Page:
As the last Rolls-Royce designed under the direct supervision of Sir Henry Royce, the Phantom II Continental is the ultimate and most desirable iteration of the Phantom range. As its name would suggest, the Continental was designed for high-speed touring across Europe, and in ultimate spec, was capable of approaching 100mph. What set the Continental apart from the standard range was namely the shortened chassis with stiffer, five-leaf springs to handle the rigors of high-performance touring and a series of sporting bodies offered by select coachbuilders.
The standard Phantom II shared very little in common with its predecessor (Phantom I) beyond the bore and stroke dimensions of the 7,668cc inline six-cylinder engine. Engineers made a great deal of progress within the big six; adding a cross flow cylinder head, separate inlet ports, improved exhaust manifold and a bump in compression allowing for an additional 20hp. The driveline was also improved with modifications to the gearbox and clutch and the addition of a Hotchkiss drive layout for the hypoid rear axle which allowed for a lower floor line. This of course delighted coachbuilders who could now fit lower, sleeker bodywork and the addition of the short chassis Continental allowed coachbuilders to showcase their most sporting designs. Performance was exceptional for a car of this size, and sales proved strong considering the price, with 281 of the total Phantom II production of 1,767 units leaving the works in Continental specification.
Chassis number 80MS was originally ordered by the respected dealer Jack Barclay in 1932. It was sent to directly to H.J. Mulliner where it received the handsome sports saloon coachwork it wears today. On November 21, 1932, 80MS had completed testing and was delivered three days later to E.M. Thomas and his famous motor-racing wife, Jill (Scott) Thomas. The Thomas’ were well known in motor racing circles; E.M. Thomas was a regular competitor at Brooklands, though rather uncharacteristically for the time, it was his wife who was truly the hardcore racer. She had been formerly married to “Bentley Boy” W.B. Scott and was the first woman to lap Brooklands at over 120mph. She won multiple races and held several 500km and 500 mile records. As such, she was the first ever woman elected to the storied BRDC.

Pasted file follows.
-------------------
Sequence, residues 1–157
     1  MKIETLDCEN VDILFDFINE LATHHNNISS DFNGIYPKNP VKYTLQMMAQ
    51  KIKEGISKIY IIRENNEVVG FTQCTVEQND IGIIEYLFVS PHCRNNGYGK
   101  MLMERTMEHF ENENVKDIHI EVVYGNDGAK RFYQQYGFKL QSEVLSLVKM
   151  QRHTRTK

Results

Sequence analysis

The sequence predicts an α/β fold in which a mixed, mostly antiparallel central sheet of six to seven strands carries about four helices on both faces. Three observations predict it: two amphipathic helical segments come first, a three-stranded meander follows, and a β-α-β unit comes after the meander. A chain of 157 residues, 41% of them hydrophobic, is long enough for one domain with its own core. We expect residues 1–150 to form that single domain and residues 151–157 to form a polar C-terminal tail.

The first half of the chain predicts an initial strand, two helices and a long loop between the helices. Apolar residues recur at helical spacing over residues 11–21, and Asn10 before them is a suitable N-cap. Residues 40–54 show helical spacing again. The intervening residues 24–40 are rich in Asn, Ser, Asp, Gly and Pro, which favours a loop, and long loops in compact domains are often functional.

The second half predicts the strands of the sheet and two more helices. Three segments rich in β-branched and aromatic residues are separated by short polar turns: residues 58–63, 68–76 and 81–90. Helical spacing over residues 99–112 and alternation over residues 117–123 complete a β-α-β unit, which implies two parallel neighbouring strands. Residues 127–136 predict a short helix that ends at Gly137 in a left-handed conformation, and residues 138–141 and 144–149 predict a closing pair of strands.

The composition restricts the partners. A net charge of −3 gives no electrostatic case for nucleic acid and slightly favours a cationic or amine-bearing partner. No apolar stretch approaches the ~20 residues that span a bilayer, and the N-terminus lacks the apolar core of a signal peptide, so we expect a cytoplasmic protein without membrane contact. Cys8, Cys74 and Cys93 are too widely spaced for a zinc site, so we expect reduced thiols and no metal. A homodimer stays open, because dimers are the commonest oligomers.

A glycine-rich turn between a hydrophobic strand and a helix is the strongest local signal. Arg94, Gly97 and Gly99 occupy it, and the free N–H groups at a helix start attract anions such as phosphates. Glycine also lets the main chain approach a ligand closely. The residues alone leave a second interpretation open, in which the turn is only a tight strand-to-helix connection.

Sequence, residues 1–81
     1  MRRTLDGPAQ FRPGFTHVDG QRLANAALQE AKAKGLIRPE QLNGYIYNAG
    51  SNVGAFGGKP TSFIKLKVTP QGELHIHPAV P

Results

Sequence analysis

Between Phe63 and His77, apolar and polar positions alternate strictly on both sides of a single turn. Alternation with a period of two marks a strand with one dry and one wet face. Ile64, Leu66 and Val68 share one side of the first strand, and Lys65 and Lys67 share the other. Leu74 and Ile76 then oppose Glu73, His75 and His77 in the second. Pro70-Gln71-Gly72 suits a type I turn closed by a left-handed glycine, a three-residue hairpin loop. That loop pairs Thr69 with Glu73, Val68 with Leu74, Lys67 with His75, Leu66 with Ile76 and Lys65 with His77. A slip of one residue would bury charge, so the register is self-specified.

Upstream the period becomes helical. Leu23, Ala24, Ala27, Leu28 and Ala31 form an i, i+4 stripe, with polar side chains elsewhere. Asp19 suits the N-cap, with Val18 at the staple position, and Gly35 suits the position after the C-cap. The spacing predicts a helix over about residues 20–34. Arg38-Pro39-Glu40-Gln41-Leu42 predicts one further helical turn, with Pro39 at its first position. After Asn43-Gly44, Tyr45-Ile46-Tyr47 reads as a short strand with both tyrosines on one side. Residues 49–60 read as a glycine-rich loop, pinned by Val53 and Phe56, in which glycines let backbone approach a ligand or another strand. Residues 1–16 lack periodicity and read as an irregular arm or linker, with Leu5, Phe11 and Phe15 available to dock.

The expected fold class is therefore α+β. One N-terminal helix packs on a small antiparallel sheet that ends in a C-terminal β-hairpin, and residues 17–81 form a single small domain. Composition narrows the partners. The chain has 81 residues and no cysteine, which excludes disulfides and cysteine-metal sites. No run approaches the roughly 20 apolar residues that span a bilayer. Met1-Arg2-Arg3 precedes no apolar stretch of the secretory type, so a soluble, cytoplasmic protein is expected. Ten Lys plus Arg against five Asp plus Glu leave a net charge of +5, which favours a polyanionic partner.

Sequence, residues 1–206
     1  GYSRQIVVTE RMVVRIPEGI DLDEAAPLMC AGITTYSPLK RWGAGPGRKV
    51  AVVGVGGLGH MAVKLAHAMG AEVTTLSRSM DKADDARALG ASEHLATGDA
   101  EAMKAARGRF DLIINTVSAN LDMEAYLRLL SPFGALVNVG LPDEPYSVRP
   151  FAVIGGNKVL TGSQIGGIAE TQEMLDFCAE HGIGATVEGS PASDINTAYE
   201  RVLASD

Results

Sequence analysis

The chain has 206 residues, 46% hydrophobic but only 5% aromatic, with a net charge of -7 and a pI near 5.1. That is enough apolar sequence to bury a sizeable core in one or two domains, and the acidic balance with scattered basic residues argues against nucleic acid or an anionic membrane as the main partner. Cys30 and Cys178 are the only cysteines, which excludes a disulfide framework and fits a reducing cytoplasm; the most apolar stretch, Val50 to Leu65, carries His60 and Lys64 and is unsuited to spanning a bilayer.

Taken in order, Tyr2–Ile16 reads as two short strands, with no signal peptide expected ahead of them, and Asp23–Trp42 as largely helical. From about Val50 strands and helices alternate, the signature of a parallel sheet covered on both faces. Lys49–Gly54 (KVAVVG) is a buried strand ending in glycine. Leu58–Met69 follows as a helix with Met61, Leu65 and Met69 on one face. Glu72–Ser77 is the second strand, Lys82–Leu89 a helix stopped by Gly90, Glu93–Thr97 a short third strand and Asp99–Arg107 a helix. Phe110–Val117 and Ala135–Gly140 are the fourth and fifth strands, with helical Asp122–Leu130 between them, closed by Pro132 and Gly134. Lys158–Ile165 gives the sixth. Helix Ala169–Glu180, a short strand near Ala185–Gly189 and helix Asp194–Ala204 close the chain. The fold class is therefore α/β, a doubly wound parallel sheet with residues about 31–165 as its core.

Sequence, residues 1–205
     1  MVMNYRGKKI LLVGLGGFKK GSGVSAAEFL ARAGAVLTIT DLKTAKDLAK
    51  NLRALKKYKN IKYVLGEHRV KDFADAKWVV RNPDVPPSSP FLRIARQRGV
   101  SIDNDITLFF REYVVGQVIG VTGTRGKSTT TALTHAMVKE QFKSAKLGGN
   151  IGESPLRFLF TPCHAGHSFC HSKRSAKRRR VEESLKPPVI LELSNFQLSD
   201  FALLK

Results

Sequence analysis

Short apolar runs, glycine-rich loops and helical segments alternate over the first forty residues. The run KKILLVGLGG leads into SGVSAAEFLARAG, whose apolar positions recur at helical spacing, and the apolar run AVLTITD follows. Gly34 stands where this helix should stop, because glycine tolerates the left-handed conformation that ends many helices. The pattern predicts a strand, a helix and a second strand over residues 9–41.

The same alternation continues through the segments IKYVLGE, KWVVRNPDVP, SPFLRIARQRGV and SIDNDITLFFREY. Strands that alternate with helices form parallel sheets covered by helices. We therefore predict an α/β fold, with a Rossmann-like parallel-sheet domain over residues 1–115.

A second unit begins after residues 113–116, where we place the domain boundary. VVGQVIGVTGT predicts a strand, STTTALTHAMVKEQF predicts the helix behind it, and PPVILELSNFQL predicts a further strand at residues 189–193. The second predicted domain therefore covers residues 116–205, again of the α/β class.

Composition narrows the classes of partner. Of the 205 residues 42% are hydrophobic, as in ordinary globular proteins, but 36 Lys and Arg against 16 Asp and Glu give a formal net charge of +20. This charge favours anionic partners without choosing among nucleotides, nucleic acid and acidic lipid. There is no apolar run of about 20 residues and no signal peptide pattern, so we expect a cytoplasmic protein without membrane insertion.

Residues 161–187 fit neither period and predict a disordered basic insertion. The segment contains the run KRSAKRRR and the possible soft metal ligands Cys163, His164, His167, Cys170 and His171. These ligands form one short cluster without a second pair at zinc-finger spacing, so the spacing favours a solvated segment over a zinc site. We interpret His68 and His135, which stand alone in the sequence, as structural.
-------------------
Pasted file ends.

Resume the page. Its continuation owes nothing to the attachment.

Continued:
According to factory notes, Mr. Thomas insisted special attention be paid to the brakes on his new Rolls-Royce. We can only assume that this wonderful Phantom II was enjoyed to its fullest by its enthusiastic original owners. In 1938, 80MS passed to Mr. Angus Fletcher, who is believed to have retained the car through the War. It then passed to Mr. John Lewis who kept the car through 1962 when it appears to have made its way to the United States. In 1989, following long-term ownership, the car was handed over to Lyle Reider of British Marque Auto in Pennsylvania who carried out a bare metal respray, re-wiring, and cosmetic restoration. In conjunction, John Dennison performed a full engine rebuild. The most recent owner acquired the car in 2003 who has continually maintained it in excellent mechanical order, using it regularly on tours, events and rallies.
Today, 80MS (engine number WO85) remains in very fine order, showing just a bit of patina from regular use. The crisp and attractive H.J. Mulliner coachwork presents very well with burgundy main body over black fenders and a black upholstered roof. The paint is in good order, showing some signs of use here and there, but remaining quite attractive since the respray was completed. Maroon wire wheels wear blackwall tires that are an ideal match for the sporting coachwork. A single rear mount spare keeps the body sides clean, fully accentuating the sweeping line of the fenders. This is the original body to 80MS, and a photo of the car is featured in Raymond Gentile’s book, “The Rolls-Royce Phantom II Continental” (p156).
The cabin has been retrimmed in attractive brown leather with brown Wilton carpeting. The seats appear lovingly broken-in and the detailing is unfussy and down to business. Wood trim on the door caps and dash is in fine order. Under the bonnet, the 7.7 liter inline six presents beautifully, again showing minor signs of use but never abuse or neglect. Fittings and hardware are largely correct with a few minor accommodations for modernity such as the hose clamps and drive belt.
The Phantom II Continental was designed from day one as a driver’s car with cross continent touring its main charge. With its very intriguing early history, fantastic Mulliner coachwork and well-sorted mechanical condition, we are confident this fine example will continue to bring much enjoyment to its next keeper.